Abram H

Junior Writer | Billings, MT

Abram is a bilingual world-traveler with an inquiring mind. He is also a husband and father of five. He writes to explain the inner-workings of our complex world and the fascinating people in it. With a Bachelor’s degree in Communications and Spanish, he has managed an online publication for several years. Typically, his writing ranges from economics to theology to life-lessons with his kids. He has a background in music, entrepreneurship, and trauma care. His hobbies include rock climbing, novel writing, podcasting, and chess.
As a StoryTerrace writer, Abram interviews customers and turns their life stories into books. Get to know him better by reading his autobiographical anecdote below

From Apathy to Empathy

Secondary education killed my curiosity. Whose idea was high school, anyway? Who thought it would be educational to force-feed algebra to pubescent boys surrounded by scantily clad girls? I have to admit, though, even without the girls, the experience of high school probably still would have carpet-bombed my interest in college. But in that case (if you read my bio above), you may be wondering how I ended up with a degree after all. What salve boasts the power to reverse the curse of deadly educational boredom?

For me, the answer was getting out of the classroom and into the world. In a word, the answer was simply living. In my case, this included traveling and working in over a dozen foreign countries. During a time when many of my peers were breaking the bank with flashy cars and college loans, I worked, saved money, and saw the world. After three years of living among other peoples and cultures, I had a new outlook on nearly everything—including how much I wanted to learn about it all, both in and out of the classroom.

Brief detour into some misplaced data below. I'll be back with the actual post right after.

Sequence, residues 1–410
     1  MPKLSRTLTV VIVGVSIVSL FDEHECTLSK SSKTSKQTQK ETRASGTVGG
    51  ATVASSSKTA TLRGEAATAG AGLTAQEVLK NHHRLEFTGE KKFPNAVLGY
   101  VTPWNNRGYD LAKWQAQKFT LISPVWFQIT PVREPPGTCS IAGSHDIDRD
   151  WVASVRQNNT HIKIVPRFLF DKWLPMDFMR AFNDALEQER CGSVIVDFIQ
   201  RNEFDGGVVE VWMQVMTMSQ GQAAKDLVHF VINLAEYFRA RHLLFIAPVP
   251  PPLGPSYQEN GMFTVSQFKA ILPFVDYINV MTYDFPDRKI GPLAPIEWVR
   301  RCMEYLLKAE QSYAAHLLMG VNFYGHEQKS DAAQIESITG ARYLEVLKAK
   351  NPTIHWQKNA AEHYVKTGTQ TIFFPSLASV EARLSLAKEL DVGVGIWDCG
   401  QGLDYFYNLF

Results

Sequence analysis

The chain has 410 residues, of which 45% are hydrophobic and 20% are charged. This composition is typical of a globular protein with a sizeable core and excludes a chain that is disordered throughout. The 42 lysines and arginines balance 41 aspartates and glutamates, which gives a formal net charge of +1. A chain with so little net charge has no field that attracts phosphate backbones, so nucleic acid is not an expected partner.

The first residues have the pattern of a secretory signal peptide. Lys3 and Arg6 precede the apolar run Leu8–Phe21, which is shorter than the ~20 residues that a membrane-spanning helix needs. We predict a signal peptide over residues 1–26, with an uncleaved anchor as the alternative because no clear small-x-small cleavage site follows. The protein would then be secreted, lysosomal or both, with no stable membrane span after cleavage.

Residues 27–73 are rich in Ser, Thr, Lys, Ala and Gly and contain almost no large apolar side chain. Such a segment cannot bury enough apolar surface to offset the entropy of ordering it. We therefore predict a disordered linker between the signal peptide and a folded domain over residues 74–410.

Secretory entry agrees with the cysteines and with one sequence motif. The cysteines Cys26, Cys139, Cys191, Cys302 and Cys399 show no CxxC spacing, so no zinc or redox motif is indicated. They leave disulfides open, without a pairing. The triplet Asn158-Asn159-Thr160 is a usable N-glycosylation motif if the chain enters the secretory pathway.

One of the countries I worked in was Sierra Leone, a small war-torn nation on the west coast of Africa. While there in 2003, I learned about the horrifying brutality of their recent civil war. The buildings of their capital city were still pockmarked with bullet holes. Sewage ran in the streets where many families lived beneath weather-worn tarps. The locals told me how, during the war, the rebels drugged thousands of children and turned them into killing machines.

I absorbed it all at an academic level. But then one night while typing an email, trying to describe the soul-crushing nightmare these people had lived through, I, quite unexpectedly, fell apart. It was as if a backlog of heartache had finally burst through the floodgates. For several minutes, words flowed effortlessly through my fingers onto the screen as tears tumbled onto the keyboard. It was like momentarily tapping into feelings so deep that I hadn’t even known they were there (which is how I’ll try to tell your story, if you’d like me to).

In response to my email, one friend wrote, “Things will get better because you were there.” For the sake of kids like Yusef, the boy in the picture with me, I hope he was right.

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